My old pair of tapaderos remind me of a bone-chilling winter task.
By Kelli Neubert
February 11, 2016
In the dark, dusty corner of a shelf in my tack room sits a hand-carved pair of bulldog tapaderos.
Tapaderos (also referred to as “taps”) are a specific style of stirrups. They have a hood-like covering over the front of the stirrup that prevents a rider’s boot from slipping through the entire stirrup and offers protection from brush, brambles and other thickets that he might encounter. They can also serve as a barrier for the rider’s feet against cold temperatures and harsh conditions.
For many, the thought of tapaderos may conjure up images of weathered vaqueros pushing cattle up the coast aboard their fine bridle horses. Perhaps you have more of a southwestern take and envision Texas brushpoppers with small rawhide taps, searching for strays in the mesquite. Either way, for most people they are a romantic part of the traditional stock saddle, and each region of cowboy has its own take on it. For me, the thought of tapaderos parallels with frozen fingers, a numb face and bitter, biting, Colorado cold. It is not a pleasant picture.
See, I received my taps as a gift years ago during my first winter at my northeast Colorado quarters. I was green as grass going into my new line of work, but very enthusiastic about learning. Being from California, I hadn’t spent an uncomfortable winter outside, much less a below-zero, snow-blowing-sideways winter. The fellow that I worked with knew this about me, and had JM Capriolas make a pair of beautiful little bulldog (small) tapaderos to match my saddle. It seemed like a nice gift at the time. I hung them from my saddle with a secret pride and even volunteered to ride out and check the cattle tanks for ice the next morning.
I bundled up in my Carhartt browns, hit a trot on my roan colt and cheerfully spent the next hour and a half making a circle from trough to trough, chipping away at the brittle skiff of ice that covered each tank. I took satisfaction at the comfort and warmth that my new stirrups offered my boots against the chilly breeze. I was even proud that I got a good ride in on my young horse and knew he would just keep getting better for it.
I got back and gushed my appreciation for my new gear. I even offered to make “breaking ice” horseback my new morning job. My co-worker was more than happy about that arrangement and didn’t argue much.
Well, time went on and winter grew harsher. My cute little trips around the pastures turned treacherous. The “skiff” of ice atop the water turned into a 5 inch thick monster than my hatchet could barely bust. The chilly breeze morphed into a miserable, lasting gale that bounced pellets of snow and sleet off of my wind-blown cheeks. And though my taps probably kept my feet warmer than if I hadn’t had them, my feet were blocks of ice and the novelty of my new tack had faded quickly.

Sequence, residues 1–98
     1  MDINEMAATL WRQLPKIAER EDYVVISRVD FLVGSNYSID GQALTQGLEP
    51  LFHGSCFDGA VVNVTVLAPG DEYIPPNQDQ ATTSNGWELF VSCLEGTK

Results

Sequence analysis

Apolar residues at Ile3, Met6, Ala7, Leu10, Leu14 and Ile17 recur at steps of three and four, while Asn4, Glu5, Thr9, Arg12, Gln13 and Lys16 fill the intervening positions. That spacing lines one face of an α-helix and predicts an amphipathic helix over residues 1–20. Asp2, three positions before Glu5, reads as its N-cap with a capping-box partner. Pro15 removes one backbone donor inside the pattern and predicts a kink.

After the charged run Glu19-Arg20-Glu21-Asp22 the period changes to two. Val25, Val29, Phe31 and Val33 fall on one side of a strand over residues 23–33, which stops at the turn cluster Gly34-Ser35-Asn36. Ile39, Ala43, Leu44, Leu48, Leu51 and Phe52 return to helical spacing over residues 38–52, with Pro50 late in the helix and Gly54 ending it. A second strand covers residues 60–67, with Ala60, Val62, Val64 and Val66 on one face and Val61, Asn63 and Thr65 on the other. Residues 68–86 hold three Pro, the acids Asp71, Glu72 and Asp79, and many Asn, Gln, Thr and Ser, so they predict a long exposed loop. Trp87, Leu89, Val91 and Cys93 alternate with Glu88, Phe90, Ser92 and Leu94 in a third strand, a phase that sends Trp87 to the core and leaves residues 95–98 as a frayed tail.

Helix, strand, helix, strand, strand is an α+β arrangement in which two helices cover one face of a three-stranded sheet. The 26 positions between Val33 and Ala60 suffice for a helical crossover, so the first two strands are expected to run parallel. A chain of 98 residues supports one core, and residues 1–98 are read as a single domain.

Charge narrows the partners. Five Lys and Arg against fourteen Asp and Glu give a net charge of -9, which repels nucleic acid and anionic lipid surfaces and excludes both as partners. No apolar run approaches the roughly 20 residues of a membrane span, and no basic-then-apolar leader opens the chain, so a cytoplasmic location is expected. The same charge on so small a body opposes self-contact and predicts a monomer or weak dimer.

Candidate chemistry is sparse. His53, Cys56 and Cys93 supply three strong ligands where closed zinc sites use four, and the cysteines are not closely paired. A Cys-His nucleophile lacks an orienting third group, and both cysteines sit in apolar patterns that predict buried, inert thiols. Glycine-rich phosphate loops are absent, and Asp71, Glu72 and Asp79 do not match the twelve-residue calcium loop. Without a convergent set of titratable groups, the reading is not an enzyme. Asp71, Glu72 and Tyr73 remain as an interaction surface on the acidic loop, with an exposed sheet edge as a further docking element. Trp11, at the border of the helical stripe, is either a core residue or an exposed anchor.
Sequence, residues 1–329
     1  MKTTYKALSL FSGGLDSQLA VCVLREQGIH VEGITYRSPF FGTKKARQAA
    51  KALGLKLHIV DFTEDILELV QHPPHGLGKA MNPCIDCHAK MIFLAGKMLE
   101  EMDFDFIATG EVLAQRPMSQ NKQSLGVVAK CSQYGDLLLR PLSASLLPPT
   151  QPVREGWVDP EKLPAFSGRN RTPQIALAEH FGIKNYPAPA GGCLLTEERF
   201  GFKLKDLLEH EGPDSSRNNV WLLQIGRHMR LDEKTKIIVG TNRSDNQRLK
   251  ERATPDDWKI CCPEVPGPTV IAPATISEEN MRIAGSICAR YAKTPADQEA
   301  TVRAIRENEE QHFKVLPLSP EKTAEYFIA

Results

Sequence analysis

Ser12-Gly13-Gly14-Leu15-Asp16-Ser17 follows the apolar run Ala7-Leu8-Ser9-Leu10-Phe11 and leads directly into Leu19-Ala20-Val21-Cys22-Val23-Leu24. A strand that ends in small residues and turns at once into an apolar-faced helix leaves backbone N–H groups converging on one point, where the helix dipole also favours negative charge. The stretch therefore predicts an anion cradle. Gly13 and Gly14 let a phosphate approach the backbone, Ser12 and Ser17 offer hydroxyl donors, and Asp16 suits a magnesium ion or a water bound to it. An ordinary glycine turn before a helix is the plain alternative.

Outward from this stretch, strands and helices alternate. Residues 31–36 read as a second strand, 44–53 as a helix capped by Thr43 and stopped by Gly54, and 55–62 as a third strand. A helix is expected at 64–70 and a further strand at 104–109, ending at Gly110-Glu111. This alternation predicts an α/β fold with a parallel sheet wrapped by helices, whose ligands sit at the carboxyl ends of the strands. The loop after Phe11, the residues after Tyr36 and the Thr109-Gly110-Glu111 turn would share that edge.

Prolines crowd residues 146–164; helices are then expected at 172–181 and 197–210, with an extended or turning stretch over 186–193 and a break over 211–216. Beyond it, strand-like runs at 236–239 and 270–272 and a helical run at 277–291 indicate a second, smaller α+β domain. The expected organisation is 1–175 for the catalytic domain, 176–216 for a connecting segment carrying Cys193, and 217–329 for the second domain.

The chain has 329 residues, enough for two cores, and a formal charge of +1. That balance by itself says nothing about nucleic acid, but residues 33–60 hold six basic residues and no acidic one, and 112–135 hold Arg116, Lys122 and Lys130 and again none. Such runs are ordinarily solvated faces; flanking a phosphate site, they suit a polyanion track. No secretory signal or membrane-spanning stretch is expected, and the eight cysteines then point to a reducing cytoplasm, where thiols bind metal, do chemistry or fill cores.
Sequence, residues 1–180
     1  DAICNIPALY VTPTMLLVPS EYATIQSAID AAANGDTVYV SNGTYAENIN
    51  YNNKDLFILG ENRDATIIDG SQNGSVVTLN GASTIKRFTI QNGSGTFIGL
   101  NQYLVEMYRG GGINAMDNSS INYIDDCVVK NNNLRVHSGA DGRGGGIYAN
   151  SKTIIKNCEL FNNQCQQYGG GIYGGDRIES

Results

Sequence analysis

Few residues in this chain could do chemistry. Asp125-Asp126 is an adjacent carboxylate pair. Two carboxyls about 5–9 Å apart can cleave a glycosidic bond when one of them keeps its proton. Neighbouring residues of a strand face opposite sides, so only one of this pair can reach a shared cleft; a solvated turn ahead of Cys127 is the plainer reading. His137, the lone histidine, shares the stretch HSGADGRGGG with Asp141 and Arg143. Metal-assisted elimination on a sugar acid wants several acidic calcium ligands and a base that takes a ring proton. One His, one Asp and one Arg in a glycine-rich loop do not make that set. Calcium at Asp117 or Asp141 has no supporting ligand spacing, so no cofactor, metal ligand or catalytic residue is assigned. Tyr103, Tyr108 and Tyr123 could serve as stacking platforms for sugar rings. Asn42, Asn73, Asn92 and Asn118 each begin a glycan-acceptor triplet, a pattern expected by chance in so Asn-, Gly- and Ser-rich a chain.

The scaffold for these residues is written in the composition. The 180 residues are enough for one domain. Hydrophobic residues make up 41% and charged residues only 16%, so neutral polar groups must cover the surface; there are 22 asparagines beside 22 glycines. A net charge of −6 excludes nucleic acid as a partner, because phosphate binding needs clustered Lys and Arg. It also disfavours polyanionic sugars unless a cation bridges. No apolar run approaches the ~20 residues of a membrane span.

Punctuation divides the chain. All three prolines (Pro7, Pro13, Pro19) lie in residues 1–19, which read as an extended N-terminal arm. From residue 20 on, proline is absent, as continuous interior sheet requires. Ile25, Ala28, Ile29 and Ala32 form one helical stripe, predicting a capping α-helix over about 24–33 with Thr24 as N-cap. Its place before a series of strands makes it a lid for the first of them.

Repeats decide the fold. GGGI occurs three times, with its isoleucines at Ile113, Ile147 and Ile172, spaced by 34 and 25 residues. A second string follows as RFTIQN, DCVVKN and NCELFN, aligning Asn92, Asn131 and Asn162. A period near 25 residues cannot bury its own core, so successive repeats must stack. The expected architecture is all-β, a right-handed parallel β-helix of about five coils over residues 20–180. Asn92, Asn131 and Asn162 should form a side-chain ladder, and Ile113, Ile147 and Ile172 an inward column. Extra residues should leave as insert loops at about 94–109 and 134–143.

I grew to hate my task. I think my horse hated it too. Sure, there were some crisp, beautiful mornings where the sunlight peeked out and bounced off the snow. But mostly? It was just wind, ice and my short-tempered, cold little self. I cussed Colorado. I cussed cows. I cussed my taps that got me into this mess.
One morning I had to run into town and outsourced my ice-breaking job to the other, more experienced employee. I tried not to look too excited when I asked him to perform the task. I told him where I kept the hatchet and then offered him my saddle, complete with taps, so he could keep his feet warm while he trotted out there.
He thanked me, but then said that he would probably just take the pickup.
THE PICKUP?! I didn’t even know the pickup was an option! I rode every morning and froze and shivered and jittered around the pastures when I could have just driven the PICKUP, with a heater and radio?! I looked at him, jaw dropped, and said to him “You mean I could have driven the pickup to break ice instead of riding?! Why didn’t you tell me this?”
“Well,” he replied. “You never asked. Besides, you had those nice taps I gave you to keep your feet warm.”
I left for town, fuming, and when I got back home, I stripped the tapaderos off my saddle, stuck them in the corner of my tack room, and didn’t move them until I left the ranch.
Looking back, I realize that riding my horse morning after cold morning taught me many things—empathy, appreciation and knowledge (plus my colt did get more broke for it!). I’ve considered selling them, but I like having the reminder around of that time in my life. And who knows? Maybe one day I’ll have an employee of my own, one who’s eager to ride his colt in cold weather—and it would be a shame for him to let his feet get cold.